What inspired the creation of Alquimie?
We wanted to produce a print publication that we could read ourselves. We couldn’t relate to the existing offerings. We wanted to produce something a little more democratic, less authoritarian with more of a focus on the narrative (the narrative of the story & the document). Drinks require context. Be it a dining table, or a time in history. The concept of ‘drinks in a vacuum’ never made sense to me.
What was your previous (or concurrent) profession?
I am a law graduate, who worked in a family business in the fabric industry and then spent nights working as a sommelier in fine dining. My grandfather quite rightly calls me a jack of all trades, master of none. Though, I’m studying the Master of Wine qualification at the moment, which hopefully means that one day I’ll prove him wrong. Alquimie occupies most of our time at present. Even when we are doing other tasks, working other jobs, it is on our minds.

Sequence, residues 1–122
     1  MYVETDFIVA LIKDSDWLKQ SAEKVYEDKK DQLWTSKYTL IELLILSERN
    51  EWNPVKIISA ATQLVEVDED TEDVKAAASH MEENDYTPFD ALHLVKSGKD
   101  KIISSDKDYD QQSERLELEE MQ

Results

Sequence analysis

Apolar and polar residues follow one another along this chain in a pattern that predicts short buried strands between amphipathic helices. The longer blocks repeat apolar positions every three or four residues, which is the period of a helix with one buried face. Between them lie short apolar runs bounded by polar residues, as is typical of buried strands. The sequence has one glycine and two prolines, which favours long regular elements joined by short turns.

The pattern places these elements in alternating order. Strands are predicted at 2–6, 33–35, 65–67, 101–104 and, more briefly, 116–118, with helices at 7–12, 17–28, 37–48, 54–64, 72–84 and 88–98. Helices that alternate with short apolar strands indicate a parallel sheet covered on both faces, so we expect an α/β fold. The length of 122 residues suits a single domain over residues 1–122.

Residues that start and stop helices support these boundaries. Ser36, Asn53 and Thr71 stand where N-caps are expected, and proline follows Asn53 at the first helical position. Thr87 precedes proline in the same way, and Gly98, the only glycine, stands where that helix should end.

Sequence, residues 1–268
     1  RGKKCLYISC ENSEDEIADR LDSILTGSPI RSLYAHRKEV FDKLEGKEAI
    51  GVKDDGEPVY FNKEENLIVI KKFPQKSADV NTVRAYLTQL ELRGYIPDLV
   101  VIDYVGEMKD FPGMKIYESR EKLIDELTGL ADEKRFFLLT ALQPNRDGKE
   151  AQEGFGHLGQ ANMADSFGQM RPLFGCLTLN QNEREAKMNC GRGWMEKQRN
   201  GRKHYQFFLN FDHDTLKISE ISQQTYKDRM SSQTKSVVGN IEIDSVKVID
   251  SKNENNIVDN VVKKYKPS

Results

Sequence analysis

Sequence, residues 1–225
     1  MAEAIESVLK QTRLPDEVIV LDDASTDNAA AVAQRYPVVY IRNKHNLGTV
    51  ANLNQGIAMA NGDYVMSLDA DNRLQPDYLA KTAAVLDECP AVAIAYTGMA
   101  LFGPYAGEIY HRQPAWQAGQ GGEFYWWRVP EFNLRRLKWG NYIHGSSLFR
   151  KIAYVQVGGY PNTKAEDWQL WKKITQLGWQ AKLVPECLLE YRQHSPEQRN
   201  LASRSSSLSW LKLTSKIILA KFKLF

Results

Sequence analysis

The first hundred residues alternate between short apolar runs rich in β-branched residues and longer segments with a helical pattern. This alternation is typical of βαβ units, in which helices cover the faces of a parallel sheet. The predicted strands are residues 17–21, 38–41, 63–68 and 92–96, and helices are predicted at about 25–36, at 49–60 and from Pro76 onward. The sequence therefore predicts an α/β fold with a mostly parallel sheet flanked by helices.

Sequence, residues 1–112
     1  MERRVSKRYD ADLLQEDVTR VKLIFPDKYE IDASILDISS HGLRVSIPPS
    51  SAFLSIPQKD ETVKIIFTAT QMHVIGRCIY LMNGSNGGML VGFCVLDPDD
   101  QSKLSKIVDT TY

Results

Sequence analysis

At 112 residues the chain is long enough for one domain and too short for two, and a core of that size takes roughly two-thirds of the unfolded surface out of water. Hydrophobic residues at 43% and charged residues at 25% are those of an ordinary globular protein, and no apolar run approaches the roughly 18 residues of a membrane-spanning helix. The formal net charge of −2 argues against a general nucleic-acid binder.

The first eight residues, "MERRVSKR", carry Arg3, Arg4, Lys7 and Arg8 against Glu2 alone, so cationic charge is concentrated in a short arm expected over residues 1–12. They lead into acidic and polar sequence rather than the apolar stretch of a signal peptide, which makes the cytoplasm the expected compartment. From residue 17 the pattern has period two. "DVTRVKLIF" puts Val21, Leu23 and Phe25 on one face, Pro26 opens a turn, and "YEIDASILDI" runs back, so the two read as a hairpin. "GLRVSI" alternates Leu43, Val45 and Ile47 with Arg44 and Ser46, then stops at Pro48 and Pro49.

How did you decide on the name?
It was about creation and narrative. We wanted something that hinted at a story and a science combined. We felt Alquimie — the original french derivation of Alchemy — ticked those boxes.
Did friends or family have doubts about taking the print channel, including global shipping?